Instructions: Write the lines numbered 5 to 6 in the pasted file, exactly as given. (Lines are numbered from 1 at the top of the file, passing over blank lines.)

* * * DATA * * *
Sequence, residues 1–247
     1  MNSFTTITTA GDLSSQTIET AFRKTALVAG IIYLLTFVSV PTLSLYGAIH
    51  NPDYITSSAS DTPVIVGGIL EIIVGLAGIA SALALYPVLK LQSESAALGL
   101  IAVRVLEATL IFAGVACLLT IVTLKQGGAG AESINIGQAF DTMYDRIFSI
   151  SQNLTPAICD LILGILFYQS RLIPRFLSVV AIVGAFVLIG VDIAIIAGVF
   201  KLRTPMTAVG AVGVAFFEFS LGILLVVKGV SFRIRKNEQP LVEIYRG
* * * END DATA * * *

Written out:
   151  SQNLTPAICD LILGILFYQS RLIPRFLSVV AIVGAFVLIG VDIAIIAGVF
   201  KLRTPMTAVG AVGVAFFEFS LGILLVVKGV SFRIRKNEQP LVEIYRG